Deutsche Bank's profit could be hit by up to 1.7 billion euros ($2.4 billion) due to loans that have dwindled in value as a result of the credit market crisis, sources familiar with the situation said.
Chief Executive Josef Ackermann last week acknowledged the bank was heading for a rocky third quarter, flagging an upcoming revaluation of 29 billion euros of credit it had promised to clients.
Deutsche would normally farm these loans out to other banks, but it has become harder to sell on such debt in the wake of a credit squeeze that began with a wave of mortgage defaults in the U.S., and the bank now faces having to write down the value of these loans to reflect this.
One source familiar with the situation said the bank estimates that the credit is now worth between 4 and 6 percent less than face value.
That would hit profit by up to 1.7 billion euros booked in the third quarter. In the same period a year ago, Deutsche made a net profit of 1.2 billion.
Deutsche, one of the world's biggest M&A banks, is now trying to get clients to renegotiate credit terms or drop deals to shrink the size of the fallout. The loss could also shrink if credit market conditions improve.
The bank declined to comment.
At 8:06 a.m. EDT Deutsche Bank's shares were down 2.1 percent at 89.91 euros, underperforming the DJ Stoxx European banking sector index and Germany's blue-chip DAX index.
"It's all a black box at the moment," said DZ Bank analyst Andreas Weese. "I wouldn't exclude a 1.7 billion-euro hit and that certainly would be a negative scenario," he said.
WestLB analyst Georg Kanders said Deutsche's share price was being driven entirely by irrational investor fear.
"Deutsche Bank's low valuation makes it extremely attractive and the dividend is not in danger," said Kanders, who has a "buy" rating on the stock.
The potential loss is bigger than the estimates made by many analysts, some of whom are expecting as little as 500 million euros. Merrill Lynch has predicted up to $1 billion.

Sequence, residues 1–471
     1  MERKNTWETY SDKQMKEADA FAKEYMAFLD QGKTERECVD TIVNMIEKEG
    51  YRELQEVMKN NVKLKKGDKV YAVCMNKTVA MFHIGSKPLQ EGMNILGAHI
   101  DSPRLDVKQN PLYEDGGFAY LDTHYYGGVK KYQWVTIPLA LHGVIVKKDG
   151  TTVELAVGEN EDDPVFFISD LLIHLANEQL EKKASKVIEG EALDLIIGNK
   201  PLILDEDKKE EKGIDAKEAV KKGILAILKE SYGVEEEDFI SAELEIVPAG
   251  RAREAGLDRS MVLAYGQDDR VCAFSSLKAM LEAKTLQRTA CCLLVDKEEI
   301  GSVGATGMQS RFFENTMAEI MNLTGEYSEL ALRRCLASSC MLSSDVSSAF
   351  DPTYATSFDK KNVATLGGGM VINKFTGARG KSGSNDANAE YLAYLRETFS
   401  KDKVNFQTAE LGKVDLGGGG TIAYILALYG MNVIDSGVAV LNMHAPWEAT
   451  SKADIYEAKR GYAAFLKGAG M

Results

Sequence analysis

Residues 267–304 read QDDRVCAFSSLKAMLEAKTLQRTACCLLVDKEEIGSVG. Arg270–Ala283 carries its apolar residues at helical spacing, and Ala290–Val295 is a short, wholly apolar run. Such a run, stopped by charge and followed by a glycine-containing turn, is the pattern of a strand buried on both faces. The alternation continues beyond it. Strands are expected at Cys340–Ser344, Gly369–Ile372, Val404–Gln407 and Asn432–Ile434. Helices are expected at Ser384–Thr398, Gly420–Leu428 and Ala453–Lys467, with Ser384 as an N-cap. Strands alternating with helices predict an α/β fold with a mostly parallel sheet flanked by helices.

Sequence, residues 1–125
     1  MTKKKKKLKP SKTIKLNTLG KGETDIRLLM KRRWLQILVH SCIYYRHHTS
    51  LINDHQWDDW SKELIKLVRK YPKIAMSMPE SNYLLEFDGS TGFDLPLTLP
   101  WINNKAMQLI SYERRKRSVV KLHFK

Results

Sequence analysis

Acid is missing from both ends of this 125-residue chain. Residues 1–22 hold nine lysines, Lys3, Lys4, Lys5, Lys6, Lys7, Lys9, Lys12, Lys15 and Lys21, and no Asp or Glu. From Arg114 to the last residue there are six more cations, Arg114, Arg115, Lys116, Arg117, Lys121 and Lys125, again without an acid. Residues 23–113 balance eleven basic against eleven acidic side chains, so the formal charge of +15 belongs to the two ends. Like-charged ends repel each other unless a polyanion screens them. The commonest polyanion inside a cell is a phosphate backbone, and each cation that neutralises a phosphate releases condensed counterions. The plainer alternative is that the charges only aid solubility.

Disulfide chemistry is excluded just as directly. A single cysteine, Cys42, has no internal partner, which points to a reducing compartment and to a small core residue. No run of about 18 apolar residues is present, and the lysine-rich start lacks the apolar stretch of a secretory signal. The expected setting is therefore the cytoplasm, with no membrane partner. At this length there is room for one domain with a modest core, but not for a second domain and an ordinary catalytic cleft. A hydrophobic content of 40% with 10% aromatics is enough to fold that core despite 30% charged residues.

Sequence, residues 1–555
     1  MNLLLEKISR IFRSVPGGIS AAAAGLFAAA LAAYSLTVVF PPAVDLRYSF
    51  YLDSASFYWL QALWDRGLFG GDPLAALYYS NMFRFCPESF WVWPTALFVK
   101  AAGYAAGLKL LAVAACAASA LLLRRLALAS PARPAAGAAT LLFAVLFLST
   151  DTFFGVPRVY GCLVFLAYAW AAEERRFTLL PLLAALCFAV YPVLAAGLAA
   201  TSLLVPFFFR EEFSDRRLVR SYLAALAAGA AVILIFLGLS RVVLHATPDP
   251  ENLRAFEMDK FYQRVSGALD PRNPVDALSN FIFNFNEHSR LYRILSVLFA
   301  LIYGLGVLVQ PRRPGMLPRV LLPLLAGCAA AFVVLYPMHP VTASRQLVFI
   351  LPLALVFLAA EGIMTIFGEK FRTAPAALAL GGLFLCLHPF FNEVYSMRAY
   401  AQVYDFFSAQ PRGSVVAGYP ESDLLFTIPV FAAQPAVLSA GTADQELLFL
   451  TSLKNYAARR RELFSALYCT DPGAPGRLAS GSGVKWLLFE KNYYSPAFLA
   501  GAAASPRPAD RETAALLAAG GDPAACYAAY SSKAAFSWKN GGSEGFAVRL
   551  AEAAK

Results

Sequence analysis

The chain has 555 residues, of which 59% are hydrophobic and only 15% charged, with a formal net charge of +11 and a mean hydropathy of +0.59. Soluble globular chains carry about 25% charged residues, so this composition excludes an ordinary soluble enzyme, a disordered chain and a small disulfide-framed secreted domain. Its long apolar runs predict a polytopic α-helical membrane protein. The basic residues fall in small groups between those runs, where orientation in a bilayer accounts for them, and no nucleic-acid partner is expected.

Many analysts privately admit, however, that making a forecast is difficult.
Deutsche is hoping that some customers, which include private equity investors as well as big companies carrying out M&A transactions, will either accept new terms for the credit or in some cases drop the deals.
The bank can use its muscle to renegotiate the terms of the credit, which in turn makes it easier for them to sell to other banks and reduces the need for writedowns.
Big banks can sometimes call in such favors from customers because of their lending clout.
"If you take a private equity buyer, the bank provides them with leveraged finance to do their deals," said one banker active in the market. "So it's in their interest to keep the relationship good."
Deutsche's Ackermann has acknowledged his bank made "mistakes" during the recent market turmoil and publicly called for "transparency", demanding banks should come clean quickly about the full impact of the credit crunch on the bottom line.
But he also told Germany's Spiegel magazine in Monday's edition he saw "initial encouraging signs" that financial markets were returning to normal.
Last week, investment bank Bear Stearns saw its profit plunge almost two thirds as the value of investments in risky subprime mortgages dipped.
Goldman Sachs and Lehman Brothers surprised investors, however, with unexpectedly good results.